I am a Killer S2E2

This week for the True Crime Wednesday feature, I am recapping and reacting to season 2 episode 2 of the I am a Killer series. I will first recap the episode and all the important details, then I will provide my reactions and impressions after. Content Warning: child abuse, neglect, sexual abuse, and violence/murder.

Since the reintroduction of the death penalty in the US in 1976, more than 8,000 people have been sentenced to death for murder.

Episode 2 – Overkill

Inmate #990135

David Barnett


Secil Schodroski had received a phone call that her child’s father had been at a local restaurant for over 24-hours just sitting in a booth. She went down there and when she approached him, he told her to leave and gave her an evil look. She didn’t know what else she should do, so she left.

Hours later, David Barnett stabbed his adoptive grandparents to death. No motive had ever been established.


David was originally charged with two counts of first-degree murder and sentenced to death. David was born in St. Louis, Missouri to a mother that didn’t want to be a mother. David was ultimately left in the care of a friend of his mother, Robert. Robert was an alcohol, who took to beating and molesting David while he was in his care. Robert was also in and out of jail, leaving David to fend for himself a lot. David was about four or five years old when the Department of Family Services got involved and removed him from Robert’s care. During a scheduled visit between Robert and David, Robert kidnapped David and fled for a time. Once Robert was tracked down and arrested David never saw him again.

At 6 years old, David was fostered by the Reames family.

David loved with being placed with the Reames family. He felt like the mother, Rita, was the first person he could call mother. David experienced nothing but a loving environment while with the Reames. However, David’s time with the Reames’ was not top last. Rita had received the opportunity to study abroad and they could not take David with them.

After 6 months with the Reames, David was returned to the foster care system. At age 8, he was placed in the home of a man name John Barnett.

According to David, John was a computer teacher, average yet intellectual, and single. The one thing that David like about John was that John didn’t touch him. When they went out to dinner one evening, John asked David if he wanted to be adopted. David was ecstatic and overjoyed to be wanted. One of the happiest days of David’s childhood was going to court to have the adoption finalized. The neighborhood where David lived with John was a middle-class area compared to the poverty ridden areas David had previous been in as a small child. A few months after being adopted, David had his first experience that made him question his environment. David would receive beating for not meeting John’s expectations for academic performance and such. After beating David, John would cradle him and provide comfort. Slowly John would pull David closer, nibble on his ear, and this would make David uncomfortable. The physical beating slowing increased in frequency until they were happening daily. David describes about how he would dissociate while John would touch him.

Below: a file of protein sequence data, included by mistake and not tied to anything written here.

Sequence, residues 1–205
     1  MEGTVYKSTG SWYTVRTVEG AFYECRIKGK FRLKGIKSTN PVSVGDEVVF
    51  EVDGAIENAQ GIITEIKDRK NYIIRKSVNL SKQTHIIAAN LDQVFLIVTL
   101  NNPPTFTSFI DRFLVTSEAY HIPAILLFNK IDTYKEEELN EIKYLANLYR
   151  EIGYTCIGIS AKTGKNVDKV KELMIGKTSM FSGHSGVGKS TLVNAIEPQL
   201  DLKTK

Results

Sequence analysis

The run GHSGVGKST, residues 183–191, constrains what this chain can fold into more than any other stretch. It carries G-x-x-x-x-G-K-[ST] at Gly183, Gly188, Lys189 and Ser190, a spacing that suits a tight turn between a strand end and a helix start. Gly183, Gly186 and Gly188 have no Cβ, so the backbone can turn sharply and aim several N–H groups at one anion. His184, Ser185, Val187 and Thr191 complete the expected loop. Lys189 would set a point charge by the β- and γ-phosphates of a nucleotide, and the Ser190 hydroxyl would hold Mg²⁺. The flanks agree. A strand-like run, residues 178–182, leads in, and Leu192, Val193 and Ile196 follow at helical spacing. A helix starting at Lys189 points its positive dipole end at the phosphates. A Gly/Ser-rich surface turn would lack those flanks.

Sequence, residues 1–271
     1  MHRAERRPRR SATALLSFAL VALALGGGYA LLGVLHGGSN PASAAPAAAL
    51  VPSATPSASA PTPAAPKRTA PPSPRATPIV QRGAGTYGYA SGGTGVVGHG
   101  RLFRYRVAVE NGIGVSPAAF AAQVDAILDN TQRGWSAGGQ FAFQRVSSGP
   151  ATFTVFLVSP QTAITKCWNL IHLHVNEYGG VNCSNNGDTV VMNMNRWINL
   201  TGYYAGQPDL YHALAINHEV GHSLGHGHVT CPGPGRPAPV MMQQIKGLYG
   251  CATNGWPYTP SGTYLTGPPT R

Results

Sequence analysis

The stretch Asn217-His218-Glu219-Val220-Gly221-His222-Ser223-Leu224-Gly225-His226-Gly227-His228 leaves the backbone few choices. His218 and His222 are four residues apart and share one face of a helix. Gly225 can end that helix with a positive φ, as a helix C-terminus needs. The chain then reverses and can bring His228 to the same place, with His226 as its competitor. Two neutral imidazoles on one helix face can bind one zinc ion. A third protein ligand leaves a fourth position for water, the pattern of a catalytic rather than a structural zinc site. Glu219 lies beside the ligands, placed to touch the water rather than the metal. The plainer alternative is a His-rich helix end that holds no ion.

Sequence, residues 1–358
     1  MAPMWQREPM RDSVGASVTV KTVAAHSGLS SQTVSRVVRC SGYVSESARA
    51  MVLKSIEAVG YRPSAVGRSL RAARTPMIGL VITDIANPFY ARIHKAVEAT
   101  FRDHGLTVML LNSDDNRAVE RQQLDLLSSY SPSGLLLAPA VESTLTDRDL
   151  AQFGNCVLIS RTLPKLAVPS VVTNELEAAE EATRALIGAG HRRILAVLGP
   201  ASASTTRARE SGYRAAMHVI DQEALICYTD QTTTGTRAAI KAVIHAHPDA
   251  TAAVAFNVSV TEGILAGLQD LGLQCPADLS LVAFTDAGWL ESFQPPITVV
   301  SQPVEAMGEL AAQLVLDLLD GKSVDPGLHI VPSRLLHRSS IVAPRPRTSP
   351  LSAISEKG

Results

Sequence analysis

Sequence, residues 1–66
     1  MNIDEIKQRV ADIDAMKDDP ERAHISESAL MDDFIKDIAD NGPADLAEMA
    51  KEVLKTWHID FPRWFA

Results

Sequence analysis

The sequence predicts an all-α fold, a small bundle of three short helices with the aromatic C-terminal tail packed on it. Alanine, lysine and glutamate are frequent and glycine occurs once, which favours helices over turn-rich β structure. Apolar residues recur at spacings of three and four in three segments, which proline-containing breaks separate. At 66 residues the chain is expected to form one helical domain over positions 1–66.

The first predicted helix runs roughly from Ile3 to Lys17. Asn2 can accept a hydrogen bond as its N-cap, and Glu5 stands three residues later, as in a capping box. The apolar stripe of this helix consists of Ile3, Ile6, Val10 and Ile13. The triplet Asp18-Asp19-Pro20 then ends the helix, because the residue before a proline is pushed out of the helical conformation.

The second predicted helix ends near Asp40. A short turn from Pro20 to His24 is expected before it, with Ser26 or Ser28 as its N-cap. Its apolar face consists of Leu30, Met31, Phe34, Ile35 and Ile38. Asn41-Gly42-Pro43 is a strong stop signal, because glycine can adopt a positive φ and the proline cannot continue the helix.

After David’s 9th birthday, John Barnett adopted another two boys. The youngest, Eric, immediately looked up to David.

David thought that Eric was charming and liked having him around. David noticed that Eric was very conscious of his two front teeth. David noticed that John had started behaving the same way towards Eric as he had towards David. David felt like he had robbed Eric of his childhood, since he was the oldest and suppose to protect them. But David also felt glad that it wasn’t him for a change.

John Barnett’s parents, Clifford and Leona, lived on the same street as their son.

Every Sunday John and the boys would go over to his parent’s house for a family dinner. David loved Leona, since she was warm and welcoming. David learned to cook from Leona. Clifford was stern and they feared how he would react to things. Clifford liked to hit the boys on the back the head. Clifford wore a class ring similar to one that John wore, and when that ring would hit the back of the boys’ heads it would remind David of John hitting him. David believes that Leona was the only one of the adult capable of love.

David lived with John Barnett until he was 18. He moved out after an argument.

David lived with friends and on couches where he could find them. He never explicitly told his friends what was happening at home but he thinks they had an idea. Leona figured out that David was no longer living at home and asked him earnestly how he was doing. David didn’t feel like he could tell her the truth because any time he made a comment that was negative towards John, Leona would get defensive of John. David feared rejection from Leona so he never pushed too far with revealing the truth.

On the morning of February 4th, 1996, David Barnett let himself into his grandparents’ house. He waited for them to return from church.